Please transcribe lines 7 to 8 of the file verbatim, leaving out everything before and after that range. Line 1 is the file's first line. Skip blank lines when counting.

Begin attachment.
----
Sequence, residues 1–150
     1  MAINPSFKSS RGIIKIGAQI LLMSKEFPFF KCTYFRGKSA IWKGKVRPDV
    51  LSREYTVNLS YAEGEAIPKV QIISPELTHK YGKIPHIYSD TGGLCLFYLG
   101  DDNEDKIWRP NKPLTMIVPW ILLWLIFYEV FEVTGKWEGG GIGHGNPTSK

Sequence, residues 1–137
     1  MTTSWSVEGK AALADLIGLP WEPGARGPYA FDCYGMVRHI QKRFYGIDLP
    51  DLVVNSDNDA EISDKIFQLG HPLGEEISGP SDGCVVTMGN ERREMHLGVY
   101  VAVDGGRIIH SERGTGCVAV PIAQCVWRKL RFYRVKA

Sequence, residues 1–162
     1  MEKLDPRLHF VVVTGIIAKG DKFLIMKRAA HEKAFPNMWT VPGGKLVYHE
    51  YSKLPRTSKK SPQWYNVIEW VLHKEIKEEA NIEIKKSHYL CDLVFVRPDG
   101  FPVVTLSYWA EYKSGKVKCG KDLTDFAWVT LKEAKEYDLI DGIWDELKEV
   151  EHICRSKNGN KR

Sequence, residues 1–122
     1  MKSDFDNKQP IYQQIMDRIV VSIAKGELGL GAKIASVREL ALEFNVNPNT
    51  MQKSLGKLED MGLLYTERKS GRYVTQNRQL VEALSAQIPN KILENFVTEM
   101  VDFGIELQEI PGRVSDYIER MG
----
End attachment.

    51  DLVVNSDNDA EISDKIFQLG HPLGEEISGP SDGCVVTMGN ERREMHLGVY
   101  VAVDGGRIIH SERGTGCVAV PIAQCVWRKL RFYRVKA